I would go further and argue that it is time to reassess the relationship between administrative bodies, tribunals and courts. Despite the deceptively straightforward wording and interpretation of article 267 TFEU, the inter-relationship between domestic courts and the CJEU is far from straight-forward. The complexities of this inter-relationship sometimes leads to the facilitation of dialogue and the development of complimentary principles and sometimes appears like nothing more than defiance (I’ll leave it to the reader to classify the response of the Supreme Court in Aimia to the preliminary reference of the CJEU). A re-assessment of the relative roles of tribunals and courts post the Tribunals and Courts Enforcement Act 2007 can hopefully allow for the flexibility that leads to greater co-operation, although the wording of the Act which only allows a right of appeal from the first tier tribunal to the upper tribunal, or from the upper tribunal to the Court of Appeal on a point of law may well require judicial sleights of hand to facilitate this objective.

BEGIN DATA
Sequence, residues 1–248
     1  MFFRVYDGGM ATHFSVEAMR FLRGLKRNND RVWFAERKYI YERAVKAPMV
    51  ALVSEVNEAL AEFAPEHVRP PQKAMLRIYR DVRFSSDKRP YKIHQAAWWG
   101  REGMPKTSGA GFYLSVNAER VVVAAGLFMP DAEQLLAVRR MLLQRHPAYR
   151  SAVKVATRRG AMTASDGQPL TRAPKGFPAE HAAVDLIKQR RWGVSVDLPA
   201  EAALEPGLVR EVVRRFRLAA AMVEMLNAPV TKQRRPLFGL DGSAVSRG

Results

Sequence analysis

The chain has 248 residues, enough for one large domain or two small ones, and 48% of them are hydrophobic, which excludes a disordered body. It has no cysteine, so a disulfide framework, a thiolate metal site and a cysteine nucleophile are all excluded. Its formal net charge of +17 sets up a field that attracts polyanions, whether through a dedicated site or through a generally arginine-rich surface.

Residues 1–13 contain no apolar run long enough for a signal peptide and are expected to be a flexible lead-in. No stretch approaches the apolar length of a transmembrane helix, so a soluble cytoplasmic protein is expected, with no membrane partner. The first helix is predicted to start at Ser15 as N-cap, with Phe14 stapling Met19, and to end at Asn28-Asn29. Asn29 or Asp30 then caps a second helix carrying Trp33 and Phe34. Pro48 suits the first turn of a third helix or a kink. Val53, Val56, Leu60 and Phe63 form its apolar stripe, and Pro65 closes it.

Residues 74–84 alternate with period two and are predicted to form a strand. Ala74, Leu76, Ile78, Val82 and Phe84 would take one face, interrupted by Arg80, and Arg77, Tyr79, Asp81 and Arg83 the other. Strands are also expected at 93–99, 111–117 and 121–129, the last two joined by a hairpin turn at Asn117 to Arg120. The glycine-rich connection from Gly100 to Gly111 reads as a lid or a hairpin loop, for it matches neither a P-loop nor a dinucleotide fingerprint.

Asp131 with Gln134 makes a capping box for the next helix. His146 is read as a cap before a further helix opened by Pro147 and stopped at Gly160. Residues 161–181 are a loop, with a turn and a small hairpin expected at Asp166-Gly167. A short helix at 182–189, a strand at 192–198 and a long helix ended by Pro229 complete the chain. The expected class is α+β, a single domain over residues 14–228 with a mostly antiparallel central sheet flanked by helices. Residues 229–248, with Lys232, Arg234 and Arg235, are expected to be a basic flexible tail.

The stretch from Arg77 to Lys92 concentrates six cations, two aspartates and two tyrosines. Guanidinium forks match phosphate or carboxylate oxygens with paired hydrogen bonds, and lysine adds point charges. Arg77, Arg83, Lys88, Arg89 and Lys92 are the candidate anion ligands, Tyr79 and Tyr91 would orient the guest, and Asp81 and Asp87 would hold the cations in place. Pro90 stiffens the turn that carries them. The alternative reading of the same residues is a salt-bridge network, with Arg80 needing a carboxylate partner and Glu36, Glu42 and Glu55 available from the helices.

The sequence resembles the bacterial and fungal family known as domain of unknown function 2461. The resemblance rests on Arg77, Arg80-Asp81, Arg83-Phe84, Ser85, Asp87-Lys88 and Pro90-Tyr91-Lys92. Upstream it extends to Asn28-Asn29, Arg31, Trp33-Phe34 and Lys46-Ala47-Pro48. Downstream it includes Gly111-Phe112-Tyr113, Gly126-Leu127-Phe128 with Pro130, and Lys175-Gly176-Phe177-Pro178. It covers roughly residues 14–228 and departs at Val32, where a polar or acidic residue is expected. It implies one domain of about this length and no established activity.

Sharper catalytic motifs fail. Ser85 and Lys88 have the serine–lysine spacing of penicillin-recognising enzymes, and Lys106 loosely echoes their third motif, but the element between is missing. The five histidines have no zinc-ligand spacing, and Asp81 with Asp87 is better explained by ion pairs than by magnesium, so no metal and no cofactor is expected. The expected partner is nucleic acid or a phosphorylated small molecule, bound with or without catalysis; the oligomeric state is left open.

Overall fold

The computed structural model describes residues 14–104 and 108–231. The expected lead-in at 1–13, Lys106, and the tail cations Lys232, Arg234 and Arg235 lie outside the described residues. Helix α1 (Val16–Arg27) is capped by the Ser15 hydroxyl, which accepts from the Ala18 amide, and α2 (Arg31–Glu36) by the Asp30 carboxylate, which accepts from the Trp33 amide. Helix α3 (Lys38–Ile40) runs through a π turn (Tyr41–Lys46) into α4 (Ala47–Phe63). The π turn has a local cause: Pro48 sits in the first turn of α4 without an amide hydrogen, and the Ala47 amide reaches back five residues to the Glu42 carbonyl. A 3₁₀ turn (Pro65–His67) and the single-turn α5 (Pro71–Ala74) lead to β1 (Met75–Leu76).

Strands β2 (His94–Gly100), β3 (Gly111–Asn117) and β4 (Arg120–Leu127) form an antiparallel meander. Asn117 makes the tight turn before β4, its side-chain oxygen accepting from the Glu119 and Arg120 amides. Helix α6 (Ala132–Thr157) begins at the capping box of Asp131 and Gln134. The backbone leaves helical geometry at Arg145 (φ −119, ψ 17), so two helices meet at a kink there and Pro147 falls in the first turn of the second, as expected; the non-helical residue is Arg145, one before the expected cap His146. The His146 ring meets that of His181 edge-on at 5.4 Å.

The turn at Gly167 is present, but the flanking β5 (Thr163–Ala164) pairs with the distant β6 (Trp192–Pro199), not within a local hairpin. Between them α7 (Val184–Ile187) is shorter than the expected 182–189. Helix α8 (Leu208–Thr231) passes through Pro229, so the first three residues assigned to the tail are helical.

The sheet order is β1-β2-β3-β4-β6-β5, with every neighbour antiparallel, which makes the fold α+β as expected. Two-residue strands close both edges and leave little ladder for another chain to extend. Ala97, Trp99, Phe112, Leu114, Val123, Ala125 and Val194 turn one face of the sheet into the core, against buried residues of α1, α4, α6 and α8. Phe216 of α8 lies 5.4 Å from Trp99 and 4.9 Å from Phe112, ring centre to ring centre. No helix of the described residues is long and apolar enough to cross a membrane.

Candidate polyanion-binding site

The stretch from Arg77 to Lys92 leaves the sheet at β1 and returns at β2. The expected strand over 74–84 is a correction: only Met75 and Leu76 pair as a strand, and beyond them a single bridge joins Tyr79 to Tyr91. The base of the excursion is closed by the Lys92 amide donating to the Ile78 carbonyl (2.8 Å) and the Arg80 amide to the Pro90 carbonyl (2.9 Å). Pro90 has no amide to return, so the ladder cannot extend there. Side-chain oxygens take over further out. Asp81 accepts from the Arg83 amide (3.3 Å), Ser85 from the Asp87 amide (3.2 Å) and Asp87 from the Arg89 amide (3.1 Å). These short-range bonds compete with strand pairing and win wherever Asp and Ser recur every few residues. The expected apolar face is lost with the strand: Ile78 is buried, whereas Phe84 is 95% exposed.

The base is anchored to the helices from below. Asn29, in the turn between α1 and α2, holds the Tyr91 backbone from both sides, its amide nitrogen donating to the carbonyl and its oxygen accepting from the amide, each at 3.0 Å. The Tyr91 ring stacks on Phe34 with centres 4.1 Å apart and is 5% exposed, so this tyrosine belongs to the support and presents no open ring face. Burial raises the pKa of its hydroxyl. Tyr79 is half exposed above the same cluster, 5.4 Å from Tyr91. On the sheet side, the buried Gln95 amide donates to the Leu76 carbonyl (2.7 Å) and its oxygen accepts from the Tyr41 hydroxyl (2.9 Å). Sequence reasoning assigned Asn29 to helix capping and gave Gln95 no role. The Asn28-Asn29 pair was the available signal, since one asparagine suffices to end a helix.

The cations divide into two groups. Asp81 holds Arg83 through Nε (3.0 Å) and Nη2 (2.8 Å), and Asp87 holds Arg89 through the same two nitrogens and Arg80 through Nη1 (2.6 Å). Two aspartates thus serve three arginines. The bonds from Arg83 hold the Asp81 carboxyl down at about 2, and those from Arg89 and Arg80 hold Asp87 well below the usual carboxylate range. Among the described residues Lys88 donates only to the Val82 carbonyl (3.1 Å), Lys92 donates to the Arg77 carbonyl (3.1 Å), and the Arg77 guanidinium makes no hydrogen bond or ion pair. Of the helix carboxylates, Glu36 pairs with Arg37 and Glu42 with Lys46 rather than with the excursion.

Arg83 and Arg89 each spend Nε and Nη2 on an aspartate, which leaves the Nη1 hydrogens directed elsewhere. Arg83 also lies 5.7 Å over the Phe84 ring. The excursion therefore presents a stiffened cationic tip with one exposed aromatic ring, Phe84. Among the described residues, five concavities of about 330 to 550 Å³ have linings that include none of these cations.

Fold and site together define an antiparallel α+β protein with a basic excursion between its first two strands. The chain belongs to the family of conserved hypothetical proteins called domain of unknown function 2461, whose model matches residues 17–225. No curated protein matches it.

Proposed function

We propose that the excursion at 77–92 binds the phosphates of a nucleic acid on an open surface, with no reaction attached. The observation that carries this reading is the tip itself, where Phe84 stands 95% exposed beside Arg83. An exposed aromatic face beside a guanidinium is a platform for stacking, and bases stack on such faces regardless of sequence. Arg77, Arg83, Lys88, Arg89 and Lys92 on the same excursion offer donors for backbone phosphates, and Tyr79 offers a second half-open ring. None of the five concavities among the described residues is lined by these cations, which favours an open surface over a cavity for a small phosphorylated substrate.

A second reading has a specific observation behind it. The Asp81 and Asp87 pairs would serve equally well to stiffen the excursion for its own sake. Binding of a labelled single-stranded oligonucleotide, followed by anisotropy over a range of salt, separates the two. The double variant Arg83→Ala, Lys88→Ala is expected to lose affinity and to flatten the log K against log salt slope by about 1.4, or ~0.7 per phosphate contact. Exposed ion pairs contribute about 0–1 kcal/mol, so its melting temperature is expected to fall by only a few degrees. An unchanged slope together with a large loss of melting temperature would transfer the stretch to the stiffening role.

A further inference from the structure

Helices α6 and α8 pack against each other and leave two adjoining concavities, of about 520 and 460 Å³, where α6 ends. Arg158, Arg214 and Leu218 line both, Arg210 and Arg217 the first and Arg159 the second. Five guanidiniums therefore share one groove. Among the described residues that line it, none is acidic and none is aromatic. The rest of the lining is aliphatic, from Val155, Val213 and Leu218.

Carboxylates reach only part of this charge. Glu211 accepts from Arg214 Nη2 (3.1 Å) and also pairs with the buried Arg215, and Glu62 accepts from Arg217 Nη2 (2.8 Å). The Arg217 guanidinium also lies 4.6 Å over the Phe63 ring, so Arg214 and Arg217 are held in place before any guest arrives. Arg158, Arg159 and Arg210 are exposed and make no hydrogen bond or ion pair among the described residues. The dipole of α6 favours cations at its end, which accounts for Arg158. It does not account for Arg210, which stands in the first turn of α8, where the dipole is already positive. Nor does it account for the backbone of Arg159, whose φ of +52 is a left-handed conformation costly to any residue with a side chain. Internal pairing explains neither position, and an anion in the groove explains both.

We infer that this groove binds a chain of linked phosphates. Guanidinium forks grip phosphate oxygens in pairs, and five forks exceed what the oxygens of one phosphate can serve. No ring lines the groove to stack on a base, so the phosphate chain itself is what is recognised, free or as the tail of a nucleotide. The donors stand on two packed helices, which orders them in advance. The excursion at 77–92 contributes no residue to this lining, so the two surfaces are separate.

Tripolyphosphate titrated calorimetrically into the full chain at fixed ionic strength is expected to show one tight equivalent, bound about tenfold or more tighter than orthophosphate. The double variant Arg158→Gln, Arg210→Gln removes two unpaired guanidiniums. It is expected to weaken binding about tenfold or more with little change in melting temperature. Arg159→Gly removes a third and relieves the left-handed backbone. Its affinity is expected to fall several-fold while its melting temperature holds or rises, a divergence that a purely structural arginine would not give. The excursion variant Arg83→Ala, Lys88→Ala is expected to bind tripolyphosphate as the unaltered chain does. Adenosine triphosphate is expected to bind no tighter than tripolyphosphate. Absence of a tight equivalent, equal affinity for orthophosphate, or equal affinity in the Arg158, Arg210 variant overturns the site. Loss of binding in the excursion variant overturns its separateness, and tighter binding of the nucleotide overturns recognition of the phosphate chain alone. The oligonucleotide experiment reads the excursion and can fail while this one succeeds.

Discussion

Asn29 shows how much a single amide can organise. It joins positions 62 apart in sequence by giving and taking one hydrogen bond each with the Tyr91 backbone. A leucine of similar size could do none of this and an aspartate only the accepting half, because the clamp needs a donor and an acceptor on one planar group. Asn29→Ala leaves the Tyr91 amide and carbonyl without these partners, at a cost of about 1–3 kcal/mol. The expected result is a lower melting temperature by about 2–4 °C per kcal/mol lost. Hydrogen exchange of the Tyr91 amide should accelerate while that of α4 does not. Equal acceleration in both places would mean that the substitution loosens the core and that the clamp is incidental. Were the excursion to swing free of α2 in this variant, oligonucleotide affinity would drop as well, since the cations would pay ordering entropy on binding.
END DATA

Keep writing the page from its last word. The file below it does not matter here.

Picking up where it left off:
Alison L. Young is a Fellow of Hertford College, University of Oxford.
Suggested citation: A. L. Young, ‘Fact/Law – a Flawed Distinction?’ U.K. Const. L. Blog (21st May 2013) (available at http://ukconstitutionallaw.org).